Birmingham researchers call for NHS to act on mental health patient feedback

Researchers from the University of Birmingham are today making a series of recommendations  for improving the way that NHS mental health trusts collect and use patient feedback to improve the quality of care for mental health inpatients.

As part of a collaborative study funded by NIHR, a team from the Universities of Birmingham, Warwick, Sheffield and Queen Mary University of London, together with the Mental Health Foundation interviewed staff and patients across NHS mental health trusts in England and found that few are collecting patient feedback to actively improve services.

Of those trusts that do, only a quarter put their feedback to good use, but still only used it to create environmental change, rather than change to care services.

A new policy briefing into the findings has been published today. ‘Evaluating the Use of Patient Experience Data to Improve the Quality of Inpatient Mental Health Care’ (EURIPIDES) found that service improvements should never be led by complaints alone; but by listening to what works well for patients, NHS trusts have a real opportunity to empower both staff and patients.

Sarah-Jane Fenton, a researcher in the School of Social Policy at the University of Birmingham, said:

“All NHS Mental Health Trusts are required to collect patient feedback, but prior to this study, we did not have an understanding of how they were using this information. This is the first study to look at how patient experience feedback is used in inpatient mental health settings to drive change and improve the quality of services”.

A key finding that could change the way NHS mental health trusts collect patient experience data was that patients staying on mental health wards are never too ill to give feedback, but prefer to do so towards the end of a hospital stay to clinicians they know and trust.

Even so, it was found that it was also important that those clinicians not only provided the opportunity for an ongoing dialogue about a patient’s care during their stay, but for their relatives, carers or guardians to be able to feedback without the fear of negative repercussions for the patient.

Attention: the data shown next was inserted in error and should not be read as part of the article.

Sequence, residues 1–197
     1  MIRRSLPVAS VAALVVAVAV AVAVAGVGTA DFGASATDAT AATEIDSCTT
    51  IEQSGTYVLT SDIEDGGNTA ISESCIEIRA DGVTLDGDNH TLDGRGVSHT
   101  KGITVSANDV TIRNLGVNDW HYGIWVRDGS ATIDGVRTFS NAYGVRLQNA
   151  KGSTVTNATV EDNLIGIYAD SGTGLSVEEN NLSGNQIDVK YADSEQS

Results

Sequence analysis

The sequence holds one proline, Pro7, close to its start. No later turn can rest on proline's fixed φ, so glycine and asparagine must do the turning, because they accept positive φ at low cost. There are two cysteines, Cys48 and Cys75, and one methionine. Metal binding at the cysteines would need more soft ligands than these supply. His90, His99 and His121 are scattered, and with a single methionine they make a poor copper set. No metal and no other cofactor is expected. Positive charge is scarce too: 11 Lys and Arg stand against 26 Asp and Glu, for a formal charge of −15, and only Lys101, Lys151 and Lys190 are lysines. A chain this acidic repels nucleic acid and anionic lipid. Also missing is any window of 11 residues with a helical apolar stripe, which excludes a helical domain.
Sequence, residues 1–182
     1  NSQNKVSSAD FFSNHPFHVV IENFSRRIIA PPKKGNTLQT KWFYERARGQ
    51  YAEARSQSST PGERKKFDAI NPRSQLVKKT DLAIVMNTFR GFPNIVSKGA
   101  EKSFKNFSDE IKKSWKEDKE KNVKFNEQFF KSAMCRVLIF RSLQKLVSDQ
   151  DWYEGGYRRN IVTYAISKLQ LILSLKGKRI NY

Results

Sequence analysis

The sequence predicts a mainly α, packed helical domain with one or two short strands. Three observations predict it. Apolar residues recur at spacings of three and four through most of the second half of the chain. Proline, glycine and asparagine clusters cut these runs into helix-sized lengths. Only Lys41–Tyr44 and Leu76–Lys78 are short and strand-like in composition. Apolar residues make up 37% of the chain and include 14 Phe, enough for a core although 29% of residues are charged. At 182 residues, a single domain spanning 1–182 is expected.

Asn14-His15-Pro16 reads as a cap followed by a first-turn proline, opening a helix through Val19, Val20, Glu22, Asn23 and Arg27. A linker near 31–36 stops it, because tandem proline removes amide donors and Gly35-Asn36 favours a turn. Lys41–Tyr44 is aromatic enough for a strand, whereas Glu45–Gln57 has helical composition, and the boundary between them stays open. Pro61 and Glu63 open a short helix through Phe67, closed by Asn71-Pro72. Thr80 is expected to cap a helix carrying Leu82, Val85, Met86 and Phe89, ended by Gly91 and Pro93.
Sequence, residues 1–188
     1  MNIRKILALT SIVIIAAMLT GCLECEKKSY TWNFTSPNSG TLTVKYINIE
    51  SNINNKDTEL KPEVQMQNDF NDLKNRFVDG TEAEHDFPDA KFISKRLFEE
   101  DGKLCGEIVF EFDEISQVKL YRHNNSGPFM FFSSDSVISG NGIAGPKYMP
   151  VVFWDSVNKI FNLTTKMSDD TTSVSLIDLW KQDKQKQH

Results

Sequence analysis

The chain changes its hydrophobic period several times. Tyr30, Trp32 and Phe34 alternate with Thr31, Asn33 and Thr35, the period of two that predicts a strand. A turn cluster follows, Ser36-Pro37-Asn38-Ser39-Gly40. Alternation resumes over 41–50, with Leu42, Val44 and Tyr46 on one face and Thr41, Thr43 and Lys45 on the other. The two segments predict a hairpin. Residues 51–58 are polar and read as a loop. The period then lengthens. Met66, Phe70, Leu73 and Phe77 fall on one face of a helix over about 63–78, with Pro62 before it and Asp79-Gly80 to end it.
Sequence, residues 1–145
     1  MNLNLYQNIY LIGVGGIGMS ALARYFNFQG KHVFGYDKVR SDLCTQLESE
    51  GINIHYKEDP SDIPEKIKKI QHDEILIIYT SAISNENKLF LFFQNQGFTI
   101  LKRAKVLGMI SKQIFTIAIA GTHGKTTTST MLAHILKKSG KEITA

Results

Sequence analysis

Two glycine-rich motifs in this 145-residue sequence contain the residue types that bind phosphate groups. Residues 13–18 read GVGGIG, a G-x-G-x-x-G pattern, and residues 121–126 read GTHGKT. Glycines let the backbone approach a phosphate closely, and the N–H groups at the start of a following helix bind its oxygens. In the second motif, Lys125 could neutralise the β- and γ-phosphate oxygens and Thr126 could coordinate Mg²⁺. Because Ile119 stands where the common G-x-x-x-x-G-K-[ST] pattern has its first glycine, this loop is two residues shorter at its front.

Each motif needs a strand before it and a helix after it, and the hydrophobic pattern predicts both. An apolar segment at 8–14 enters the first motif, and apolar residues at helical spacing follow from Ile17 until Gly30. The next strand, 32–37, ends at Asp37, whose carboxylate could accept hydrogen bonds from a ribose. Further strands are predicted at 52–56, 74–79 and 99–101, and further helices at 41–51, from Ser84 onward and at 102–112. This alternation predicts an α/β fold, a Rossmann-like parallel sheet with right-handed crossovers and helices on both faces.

Dr Fenton said: “The key message from this study is that no one is too unwell to tell you how they are experiencing their daily care – this combats some of the myths that persist resulting in people not seeking feedback from inpatients in mental health services in order to inform quality improvement work.”

The briefing has been published ahead of the full study report, which makes 18 key practice recommendations for how NHS mental health trusts collect and use patient feedback.

Professor of Mental Health and chief investigator of the study, Scott Weich, from the University of Sheffield’s School of Health and Related Research, said: “Our policy briefing published today highlights the key findings and our guidance for NHS mental health trusts in how they can make best use of their valuable patient experience data.

“We have engaged NHS stakeholders at every step of the study to ensure our findings were practicable, so today we are calling on organisations like NHS England, the Department of Health and Care Quality Commission to support the NHS providers to implement the upcoming recommendations and drive service improvements centred around patient needs.”

“There will be resource implications of adopting effective models to drive service improvements, but when used alongside patient outcomes and safety data to drive change, this leads to fewer patient safety incidents, better outcomes for patients and staff feeling more empowered to improve services.

Dr Fenton added: “For clinicians, this report is useful as it highlights the need to learn from positive feedback as well as negative. It emphasises the importance of staff being supported to have the time, support, and skills in order to build trusting relationships with patients that enables them to listen and respond to feedback”